Book Review: “A Sport and a Pastime" by James Salter, first published by Doubleday in 1967 James Salter's "A Sport and a Pastime" reminds me of a five-star resort. It’s luxurious, oftentimes impractical, but always pleasurable. Don't go looking for the basics. Everything is extra.
The unnamed narrator and the man he's obsessed with, Phillip Dean, are not concerned about the mundane things that you and I worry about, like looking for a job or cooking and cleaning. They are Americans living in France. They are young and attractive. Sex is their preoccupation. When they do fret about money or the future, it's more of an afterthought.
Appropriately, the story is told from the narrator's POV in the present tense. We're not supposed to know or care about the past or the goings on elsewhere. The here and now is what matters. The narrator is a keen observer of Dean's relationship with his 18-year-old French lover, Anne-Marie. He's a prolific storyteller, so you never quite know where his observations end and his fantasies begin.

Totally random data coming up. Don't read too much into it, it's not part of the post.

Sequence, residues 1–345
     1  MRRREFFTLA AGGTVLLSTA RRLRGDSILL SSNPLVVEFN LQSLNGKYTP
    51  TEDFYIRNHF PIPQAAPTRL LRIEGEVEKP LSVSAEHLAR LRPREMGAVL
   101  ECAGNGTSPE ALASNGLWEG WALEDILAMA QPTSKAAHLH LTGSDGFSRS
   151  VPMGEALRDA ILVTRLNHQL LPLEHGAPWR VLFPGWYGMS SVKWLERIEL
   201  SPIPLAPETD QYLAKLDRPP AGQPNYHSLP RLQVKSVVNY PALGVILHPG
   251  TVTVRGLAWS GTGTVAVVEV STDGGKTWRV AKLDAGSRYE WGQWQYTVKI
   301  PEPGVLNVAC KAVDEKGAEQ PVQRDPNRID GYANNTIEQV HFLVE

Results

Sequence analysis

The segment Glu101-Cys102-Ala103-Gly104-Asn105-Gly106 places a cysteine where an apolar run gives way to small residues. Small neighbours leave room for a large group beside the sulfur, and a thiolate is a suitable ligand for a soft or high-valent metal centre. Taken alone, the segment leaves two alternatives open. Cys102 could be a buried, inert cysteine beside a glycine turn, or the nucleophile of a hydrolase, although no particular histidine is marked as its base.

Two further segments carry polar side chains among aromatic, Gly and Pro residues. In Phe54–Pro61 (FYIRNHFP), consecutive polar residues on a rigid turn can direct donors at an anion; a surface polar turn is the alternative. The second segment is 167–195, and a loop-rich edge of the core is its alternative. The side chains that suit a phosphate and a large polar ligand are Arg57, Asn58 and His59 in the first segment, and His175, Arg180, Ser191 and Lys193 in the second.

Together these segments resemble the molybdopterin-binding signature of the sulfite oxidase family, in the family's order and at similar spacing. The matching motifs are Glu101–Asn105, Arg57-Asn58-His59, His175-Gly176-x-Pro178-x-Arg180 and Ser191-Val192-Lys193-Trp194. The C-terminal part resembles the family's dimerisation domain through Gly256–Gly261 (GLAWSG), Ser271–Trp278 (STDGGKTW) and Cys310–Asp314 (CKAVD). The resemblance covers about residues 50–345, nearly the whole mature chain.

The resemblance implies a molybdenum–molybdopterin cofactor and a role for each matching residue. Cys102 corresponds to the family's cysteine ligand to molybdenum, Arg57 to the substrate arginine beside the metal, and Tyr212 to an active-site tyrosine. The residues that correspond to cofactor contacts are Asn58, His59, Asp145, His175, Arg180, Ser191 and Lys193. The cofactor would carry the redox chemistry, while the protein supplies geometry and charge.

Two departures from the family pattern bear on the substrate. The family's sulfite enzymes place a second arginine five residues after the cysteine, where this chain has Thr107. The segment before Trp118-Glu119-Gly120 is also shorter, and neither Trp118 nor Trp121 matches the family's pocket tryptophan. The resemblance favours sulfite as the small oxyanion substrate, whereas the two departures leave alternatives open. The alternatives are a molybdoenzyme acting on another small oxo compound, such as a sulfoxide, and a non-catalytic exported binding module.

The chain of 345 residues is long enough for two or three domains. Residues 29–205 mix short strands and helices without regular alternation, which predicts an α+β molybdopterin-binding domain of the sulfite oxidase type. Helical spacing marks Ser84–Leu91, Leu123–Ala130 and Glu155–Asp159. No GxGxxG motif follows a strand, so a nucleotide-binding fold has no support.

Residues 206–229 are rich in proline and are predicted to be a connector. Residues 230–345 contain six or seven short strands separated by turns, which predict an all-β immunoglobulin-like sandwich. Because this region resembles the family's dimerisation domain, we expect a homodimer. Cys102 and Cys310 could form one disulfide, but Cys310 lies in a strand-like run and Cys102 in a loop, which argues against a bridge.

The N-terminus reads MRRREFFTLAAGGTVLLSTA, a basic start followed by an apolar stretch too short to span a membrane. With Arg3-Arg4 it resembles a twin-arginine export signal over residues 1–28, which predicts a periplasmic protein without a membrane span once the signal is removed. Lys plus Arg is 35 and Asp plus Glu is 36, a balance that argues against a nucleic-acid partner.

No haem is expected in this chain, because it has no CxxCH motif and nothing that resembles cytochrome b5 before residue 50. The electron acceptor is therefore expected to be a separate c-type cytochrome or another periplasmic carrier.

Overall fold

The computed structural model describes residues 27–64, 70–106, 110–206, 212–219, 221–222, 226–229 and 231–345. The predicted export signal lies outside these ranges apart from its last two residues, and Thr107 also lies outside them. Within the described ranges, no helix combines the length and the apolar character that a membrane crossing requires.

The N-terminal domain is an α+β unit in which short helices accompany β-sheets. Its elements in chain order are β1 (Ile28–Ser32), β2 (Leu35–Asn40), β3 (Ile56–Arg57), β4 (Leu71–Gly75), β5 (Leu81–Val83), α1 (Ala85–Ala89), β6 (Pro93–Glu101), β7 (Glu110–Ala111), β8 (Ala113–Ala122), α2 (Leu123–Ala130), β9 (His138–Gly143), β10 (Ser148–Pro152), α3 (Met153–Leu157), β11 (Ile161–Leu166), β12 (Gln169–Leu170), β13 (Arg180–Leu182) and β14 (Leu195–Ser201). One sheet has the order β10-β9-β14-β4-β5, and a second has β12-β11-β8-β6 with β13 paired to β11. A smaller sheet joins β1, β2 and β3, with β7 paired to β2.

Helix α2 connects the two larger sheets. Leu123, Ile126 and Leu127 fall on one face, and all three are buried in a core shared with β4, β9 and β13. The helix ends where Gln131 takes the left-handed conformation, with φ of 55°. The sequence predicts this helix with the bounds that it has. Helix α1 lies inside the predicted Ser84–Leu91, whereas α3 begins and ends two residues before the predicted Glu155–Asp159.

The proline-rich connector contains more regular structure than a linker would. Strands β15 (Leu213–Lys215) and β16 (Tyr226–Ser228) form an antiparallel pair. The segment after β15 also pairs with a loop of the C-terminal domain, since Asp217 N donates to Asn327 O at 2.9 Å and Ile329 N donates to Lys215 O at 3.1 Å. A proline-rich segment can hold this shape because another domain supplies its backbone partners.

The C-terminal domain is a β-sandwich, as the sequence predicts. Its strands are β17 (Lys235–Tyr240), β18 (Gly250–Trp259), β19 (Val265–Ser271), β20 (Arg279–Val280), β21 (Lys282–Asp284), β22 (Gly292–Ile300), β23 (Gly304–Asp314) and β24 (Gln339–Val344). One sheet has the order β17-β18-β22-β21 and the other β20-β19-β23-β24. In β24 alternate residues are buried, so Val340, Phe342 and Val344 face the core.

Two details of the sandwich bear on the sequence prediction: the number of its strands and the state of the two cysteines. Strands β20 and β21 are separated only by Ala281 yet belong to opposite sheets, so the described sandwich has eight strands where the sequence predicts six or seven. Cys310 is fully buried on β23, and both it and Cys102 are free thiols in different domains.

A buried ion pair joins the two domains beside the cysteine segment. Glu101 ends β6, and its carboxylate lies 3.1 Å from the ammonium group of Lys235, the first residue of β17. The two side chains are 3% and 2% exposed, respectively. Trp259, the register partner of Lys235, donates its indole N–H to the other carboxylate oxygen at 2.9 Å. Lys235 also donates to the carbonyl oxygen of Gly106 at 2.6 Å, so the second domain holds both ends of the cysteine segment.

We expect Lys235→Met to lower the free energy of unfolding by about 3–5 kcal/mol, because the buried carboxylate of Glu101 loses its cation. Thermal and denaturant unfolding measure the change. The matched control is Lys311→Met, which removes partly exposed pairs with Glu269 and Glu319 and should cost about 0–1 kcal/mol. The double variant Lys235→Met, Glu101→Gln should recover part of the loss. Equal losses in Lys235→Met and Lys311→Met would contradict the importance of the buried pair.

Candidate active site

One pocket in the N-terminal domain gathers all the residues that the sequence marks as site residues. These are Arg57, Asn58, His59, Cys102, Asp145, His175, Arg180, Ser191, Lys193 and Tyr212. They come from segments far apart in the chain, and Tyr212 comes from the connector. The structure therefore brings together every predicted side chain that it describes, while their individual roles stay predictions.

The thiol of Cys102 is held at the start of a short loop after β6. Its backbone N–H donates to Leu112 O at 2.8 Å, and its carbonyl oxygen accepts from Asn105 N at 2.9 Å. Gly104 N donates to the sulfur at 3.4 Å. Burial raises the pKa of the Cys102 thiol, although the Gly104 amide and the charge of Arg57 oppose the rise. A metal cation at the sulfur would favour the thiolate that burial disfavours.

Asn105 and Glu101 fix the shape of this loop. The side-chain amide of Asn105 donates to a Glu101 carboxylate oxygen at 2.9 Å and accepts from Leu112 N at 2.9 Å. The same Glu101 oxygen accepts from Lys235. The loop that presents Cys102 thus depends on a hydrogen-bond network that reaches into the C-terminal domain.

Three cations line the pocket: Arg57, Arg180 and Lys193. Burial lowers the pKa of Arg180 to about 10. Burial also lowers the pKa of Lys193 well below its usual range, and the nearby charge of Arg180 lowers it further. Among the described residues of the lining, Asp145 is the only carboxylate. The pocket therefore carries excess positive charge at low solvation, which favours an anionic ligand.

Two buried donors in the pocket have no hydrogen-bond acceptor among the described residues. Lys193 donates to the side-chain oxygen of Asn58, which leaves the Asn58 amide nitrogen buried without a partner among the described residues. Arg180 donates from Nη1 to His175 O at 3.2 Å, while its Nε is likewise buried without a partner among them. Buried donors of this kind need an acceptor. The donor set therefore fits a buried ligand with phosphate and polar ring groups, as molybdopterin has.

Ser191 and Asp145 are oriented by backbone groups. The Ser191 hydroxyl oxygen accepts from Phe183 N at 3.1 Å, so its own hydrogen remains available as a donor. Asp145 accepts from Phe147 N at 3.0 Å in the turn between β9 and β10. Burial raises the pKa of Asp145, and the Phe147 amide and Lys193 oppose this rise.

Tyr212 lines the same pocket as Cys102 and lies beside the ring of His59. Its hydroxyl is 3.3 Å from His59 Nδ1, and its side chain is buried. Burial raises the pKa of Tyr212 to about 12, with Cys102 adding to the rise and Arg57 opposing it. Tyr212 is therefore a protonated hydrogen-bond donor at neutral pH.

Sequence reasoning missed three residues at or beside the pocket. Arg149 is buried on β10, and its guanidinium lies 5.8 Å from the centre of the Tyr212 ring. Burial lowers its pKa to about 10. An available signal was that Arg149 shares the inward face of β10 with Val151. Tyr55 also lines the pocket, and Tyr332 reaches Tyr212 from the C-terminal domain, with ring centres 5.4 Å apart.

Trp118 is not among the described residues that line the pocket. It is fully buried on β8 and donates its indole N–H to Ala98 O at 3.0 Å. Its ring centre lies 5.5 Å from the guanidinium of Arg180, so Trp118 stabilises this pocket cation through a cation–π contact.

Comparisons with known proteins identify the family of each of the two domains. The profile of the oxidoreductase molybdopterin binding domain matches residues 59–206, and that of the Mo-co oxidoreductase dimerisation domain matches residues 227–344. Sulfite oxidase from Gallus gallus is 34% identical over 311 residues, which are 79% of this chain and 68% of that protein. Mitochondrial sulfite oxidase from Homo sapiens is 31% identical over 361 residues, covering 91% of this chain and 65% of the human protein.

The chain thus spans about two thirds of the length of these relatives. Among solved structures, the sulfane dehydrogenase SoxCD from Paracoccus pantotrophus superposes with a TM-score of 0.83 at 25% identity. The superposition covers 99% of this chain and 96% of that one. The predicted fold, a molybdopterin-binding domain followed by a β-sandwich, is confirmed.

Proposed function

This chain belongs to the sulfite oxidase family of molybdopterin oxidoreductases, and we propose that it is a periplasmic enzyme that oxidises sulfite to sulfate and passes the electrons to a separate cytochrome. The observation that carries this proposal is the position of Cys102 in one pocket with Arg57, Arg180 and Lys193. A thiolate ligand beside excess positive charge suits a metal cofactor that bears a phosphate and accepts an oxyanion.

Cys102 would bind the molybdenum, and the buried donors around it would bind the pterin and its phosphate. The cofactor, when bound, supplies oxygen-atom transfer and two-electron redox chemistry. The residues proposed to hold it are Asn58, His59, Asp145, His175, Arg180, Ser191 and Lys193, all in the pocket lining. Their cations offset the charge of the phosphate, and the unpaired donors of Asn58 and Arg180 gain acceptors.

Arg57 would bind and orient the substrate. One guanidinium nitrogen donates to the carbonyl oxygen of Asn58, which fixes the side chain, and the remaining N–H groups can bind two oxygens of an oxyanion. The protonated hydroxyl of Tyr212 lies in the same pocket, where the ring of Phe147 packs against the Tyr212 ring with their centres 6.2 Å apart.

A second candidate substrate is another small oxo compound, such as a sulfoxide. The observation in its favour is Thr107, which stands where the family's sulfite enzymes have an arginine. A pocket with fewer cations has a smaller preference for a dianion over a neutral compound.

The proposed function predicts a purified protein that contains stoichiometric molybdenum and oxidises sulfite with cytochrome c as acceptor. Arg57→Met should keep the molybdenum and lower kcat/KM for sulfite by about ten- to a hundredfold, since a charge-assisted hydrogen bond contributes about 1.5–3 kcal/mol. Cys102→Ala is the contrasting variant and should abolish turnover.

This novel is erotic, but decidedly unromantic. When the narrator describes Anne-Marie's breath as "thin and rotten," you know right away that you're nowhere near a romance novel. Salter has an enormous gift for describing the locale. At one point he writes, “The trees stand like brewers in the Place d’Hallencourt. Bricks are laid beneath them. The sidewalks are veined with miss. As one descends, the streets begin to flower out.”
I've never been to France and I don’t have the inclination to go. Italy is my favorite European destination. But, by the time I reached page 30 of Salter's novel, I was gripped by curiosity and I was checking TripAdvisor. Mind you, this is not a travel book. Far from it. The people Salter describes are not always happy to be where they are. It’s a testament to his talent that he's able to make the setting intriguing, if not attractive. France is a character. When Dean is making love to Anne-Marie, he considers the experience "the real France."
If you're looking for a story with a dramatic conflict, or a grand character arc, or a clear socio-political "message," this novel is probably not for you. Very little happens or changes in this story until its conclusion.
"A Sport and a Pastime " was published in 1967, practically a lifetime away. It's languid, rich, and bourgeois. Is it worth reading? You bet. If you're like me, it will have you thinking of Paris, Dijon, Autun, Nancy, and all the dreamy French towns James Salter brings to life in this memorable novel.